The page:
Published on 02/12/03

In tough economy, many jobs there for the plucking

By Cat Holmes
University of Georgia

Drew Chrisohon, a recent University of Georgia graduate, wasn't worried about whether he'd find a job. The problem he faced was which job offer to accept.

The economy is soft and the job market hurting. The U.S. Labor Department reported 5.7 percent -- 8.3 million people -- of the nation's labor force unemployed last month.

But Chrisohon, with a poultry science degree, recently fielded five serious job offers before accepting a management trainee position with ConAgra at their Canton, Ga., complex.

"I didn't even look very hard," the Comer, Ga., native said. "I haven't ever worried about finding a job in this field. Everyone eats chicken. If there's a depression, people will continue to eat chicken because it's such a deal."

Not unique

Chrisohon is a good student and "a great guy," said UGA poultry science department head Mike Lacy. But he's not unique.

Though he has no hard figures, Lacy said there are probably three jobs for every poultry science graduate coming out of UGA, based largely on the number of companies calling his department.

"We tell students that if they want to stay close to home, the Georgia poultry industry has a place for you," he said.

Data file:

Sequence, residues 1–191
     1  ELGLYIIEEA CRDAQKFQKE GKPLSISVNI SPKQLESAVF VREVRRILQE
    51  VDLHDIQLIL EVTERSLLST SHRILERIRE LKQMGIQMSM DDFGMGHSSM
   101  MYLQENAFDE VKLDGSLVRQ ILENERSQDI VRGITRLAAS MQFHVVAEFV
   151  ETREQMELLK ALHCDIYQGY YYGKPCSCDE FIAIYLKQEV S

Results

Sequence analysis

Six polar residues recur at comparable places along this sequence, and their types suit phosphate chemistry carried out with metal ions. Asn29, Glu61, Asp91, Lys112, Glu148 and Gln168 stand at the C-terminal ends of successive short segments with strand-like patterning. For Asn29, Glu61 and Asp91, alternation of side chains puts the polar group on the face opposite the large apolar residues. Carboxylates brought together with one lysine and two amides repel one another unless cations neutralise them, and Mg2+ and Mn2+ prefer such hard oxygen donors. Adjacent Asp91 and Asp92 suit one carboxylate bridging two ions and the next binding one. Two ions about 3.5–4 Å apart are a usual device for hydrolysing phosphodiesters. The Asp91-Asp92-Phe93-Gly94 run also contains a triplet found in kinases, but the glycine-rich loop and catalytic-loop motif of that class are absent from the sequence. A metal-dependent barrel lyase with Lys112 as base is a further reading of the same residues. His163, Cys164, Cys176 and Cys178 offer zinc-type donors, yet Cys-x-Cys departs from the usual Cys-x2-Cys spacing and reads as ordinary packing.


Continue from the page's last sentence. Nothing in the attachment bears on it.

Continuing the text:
"We also say, 'Become a poultry scientist and see the world,' and it's no joke," he said. "We have had recent graduates take jobs in Thailand, Latin America, Canada and England. Poultry jobs are available all over the world, and there are an estimated 100,000 jobs in poultry in the state of Georgia alone."

Jobs aren't limited

The jobs aren't limited just to those with science degrees, he said.

"There are a variety of ... business-related jobs," Lacy said. "Some of our graduates go into pharmaceutical sales. Some take on environmental issues. Some work with farmers, helping them to make a better living. Others go into some aspect of poultry processing, product development or food safety."

Poultry science graduates can expect to enter the job market making a salary in the mid-$30,000 range, he said.

While Chrisohon fielded job offers from the U.S. Department of Agriculture and several other companies, he finally settled on the job with ConAgra in early February.

Coming full circle

"It's all still new to me," Chrisohon said. "The great thing about working in a complex such as the one in Canton is that I'll be able to go through and learn about the hatchery, feed mill, live production and the plant."

Chrisohon's very first job when he was 15 was as a general laborer at a broiler farm with eight chicken houses. But he wasn't eager to pursue a poultry career when he started college.

"I didn't appreciate it when I was a teenager," he said with a laugh. "All my friends were working at pizza places and I was working my tail off."

Chrisohon went to Young Harris College and majored in business. But he just didn't like it, so he transferred to UGA, took a number of agricultural business classes and ended up with a poultry science degree. So far, it's proven to be a good move.

Cat Holmes was a science writer with the University of Georgia College of Agricultural and Environmental Sciences.